The 2010 Venice architecture biennale closed on Saturday—at least for media representatives, as journalists were required for the first time to turn in their press passes and enter as public citizens (tickets, $25). I hated giving up that pass as it allowed me access to the exhibitions both at the Arsenale and in the giardini, home of the national pavilions. Though Venice is hardly a major military installation there are canals in the area that are off-limits to civilians; a water taxi driver informed my group that only a special permit would get us into the canal so I produced my press pass and he said “va bene” and he drove us up the canal. The power of the press! Read More
The comparison shopping set up of the “What you get for…” column in the New York Times Real Estate section is often a stroke of editorial genius. This week’s price point is an affordable $275,000, which gets you a charming frame bungalow in Nashville, a handsome one bedroom loft in Philadelphia, or this Midcentury Modern two bedroom in Madison, Wisconsin, designed by William Kaeser. According to the Times, the house is located in a residential neighborhood called Sunset Village about two miles from downtown and within walking distance of shops and restaurants. The house retains many of its original details, including mahogany paneled interiors, so the right buyer could turn it into a serene yet cozy modern hideaway.
Yesterday, John Hill, arguably the city’s most prolific architecture critic, finished up one of his latest projects, entitled “31 in 31.” In addition to his usual flood of posts, Hill is chronicling one building every day in August, in preparation for a new guide book. The buildings are scattershot, ranging from the new Crocs super store in the West Village to One Bryant Park, but most of them are new and, in a way Hill always seems to manage, representative of precisely what has been going on in the city recently—not comprehensive, but authoritative. It’s a rundown worth running down, but one building in particular caught our eye: the rather unassuming Wilf Hall at NYU. Read More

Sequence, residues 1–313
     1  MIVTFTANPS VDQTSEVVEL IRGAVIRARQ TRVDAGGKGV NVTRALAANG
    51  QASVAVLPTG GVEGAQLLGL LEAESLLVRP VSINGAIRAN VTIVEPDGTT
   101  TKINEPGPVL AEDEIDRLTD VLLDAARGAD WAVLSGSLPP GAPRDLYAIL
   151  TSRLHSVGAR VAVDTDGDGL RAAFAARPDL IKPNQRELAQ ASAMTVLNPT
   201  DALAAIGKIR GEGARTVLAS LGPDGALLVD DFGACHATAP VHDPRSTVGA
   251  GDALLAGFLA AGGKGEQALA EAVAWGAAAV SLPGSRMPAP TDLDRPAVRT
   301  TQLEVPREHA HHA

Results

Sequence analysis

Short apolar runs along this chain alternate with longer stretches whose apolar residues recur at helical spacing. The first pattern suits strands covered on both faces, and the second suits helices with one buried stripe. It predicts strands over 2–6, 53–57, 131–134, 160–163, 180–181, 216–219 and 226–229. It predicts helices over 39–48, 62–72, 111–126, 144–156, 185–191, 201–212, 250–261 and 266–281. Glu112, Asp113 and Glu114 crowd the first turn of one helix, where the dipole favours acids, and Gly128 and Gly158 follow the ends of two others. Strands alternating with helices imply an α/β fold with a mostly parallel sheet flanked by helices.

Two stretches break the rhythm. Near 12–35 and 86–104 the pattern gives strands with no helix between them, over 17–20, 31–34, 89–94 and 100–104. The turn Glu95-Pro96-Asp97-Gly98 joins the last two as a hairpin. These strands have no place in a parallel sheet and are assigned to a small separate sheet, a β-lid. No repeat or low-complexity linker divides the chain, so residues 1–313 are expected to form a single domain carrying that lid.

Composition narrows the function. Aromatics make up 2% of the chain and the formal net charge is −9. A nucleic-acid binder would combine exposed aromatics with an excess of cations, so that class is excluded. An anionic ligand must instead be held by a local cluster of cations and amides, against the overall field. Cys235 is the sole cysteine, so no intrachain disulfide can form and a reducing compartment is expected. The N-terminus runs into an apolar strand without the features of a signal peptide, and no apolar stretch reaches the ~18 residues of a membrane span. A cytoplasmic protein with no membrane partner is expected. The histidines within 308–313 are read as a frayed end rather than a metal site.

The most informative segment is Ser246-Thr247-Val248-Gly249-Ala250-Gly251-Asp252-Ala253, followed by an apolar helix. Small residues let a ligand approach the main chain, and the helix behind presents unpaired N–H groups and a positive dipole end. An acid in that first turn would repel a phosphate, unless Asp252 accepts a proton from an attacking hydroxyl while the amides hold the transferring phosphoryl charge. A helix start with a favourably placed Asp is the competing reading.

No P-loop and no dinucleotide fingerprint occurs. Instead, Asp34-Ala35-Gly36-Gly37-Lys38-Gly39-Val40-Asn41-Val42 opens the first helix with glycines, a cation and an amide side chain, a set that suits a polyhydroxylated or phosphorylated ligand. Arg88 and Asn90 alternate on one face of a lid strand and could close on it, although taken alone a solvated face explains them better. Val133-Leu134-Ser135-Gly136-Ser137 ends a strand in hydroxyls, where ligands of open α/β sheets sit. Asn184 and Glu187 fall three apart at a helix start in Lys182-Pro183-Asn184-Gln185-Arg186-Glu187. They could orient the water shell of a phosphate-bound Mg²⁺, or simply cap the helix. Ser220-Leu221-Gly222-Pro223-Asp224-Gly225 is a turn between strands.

It has not been a good day for Gary Barnett and his Extell Development. First, the Post‘s ur-real estate columnist Steve Cuozzo gave Barnett a hard time for delays at his skyline-bursting Carnegie 57. (How come Tony Malkin didn’t complain about this one, by the way?) And this evening, Borough President Scott Stringer has announced he is giving the project his ULURP thumbs down. What more does everyone want? Barnett has promised to build a school, to up the affordable housing from 12 percent to 20 percent, and he has hired one hell of an architect. But this is far from enough apparently, given Stringer’s strongly worded announcement. Read More
Our friends at Morphosis just moved into an interim location (as posted on their website) at 3440 Wesley Street in Culver City. The firm has been hesitant to give many details about their upcoming space, a former commercial building right next door that they say they are remodeling, merely stating that it will “be sustainable” and “bring back the integration of the shop with the studio space.” But when we checked out the location we were surprised to find the approximately 13,000 square foot building razed except for the north and east walls. No one mentioned that they were constructing a new building! Read More
Talk of William Pereira’s Geisel Library, the well-known symbol of UC San Diego, has been abuzz online because of its Snow Fortress doppelganger in Inception, which has so far totaled close to half a billion dollars in ticket sales. Built in the late 1960s, this textbook example of Brutalism perfectly encapsulates the hostile, uncommunicative theme of Inception. Critics of the style say Brutalist architecture disregards the history and harmony of its environment. Thus, the Snow Fortress, featured at the film’s climax, is a symbol of disregard for preordained fate. Read More
The popularity of speed dating is proof positive: people enjoy the sweaty-palmed feeling of being sized-up by a stranger so much that they figure, Why limit myself to only once in a night? Following that logic, the Van Alen Institute is offering young designers the same opportunity to offer themselves up to a critical appraisal multiple times in a row: Their second round of Design Speed Dating is scheduled for Saturday, September 11. Accepted applicants will rotate around a series of professional designers and critics, spending a half hour with each one and receiving constructive feedback on their portfolios. Interested? The Van Alen Institute is seeking emerging talents through an open call. Submit your digital portfolio in PDF format, no larger than 5MB, and no longer than 10 8.5”x11” single-sided pages, to email@example.com.
Nothing much to report from yesterday, as it was a day of formal openings when very little was in fact open to the press or public. It was mostly a day of introductory speeches by biennale directors and city and government officials. Frank Gehry presented some models, made a few brief remarks, and then everyone headed for the hallway, where we had our first free prosecco and great little appetizers. Journalists and media types stood around asking about where the best parties were to be had in the coming days (more on this later). Read More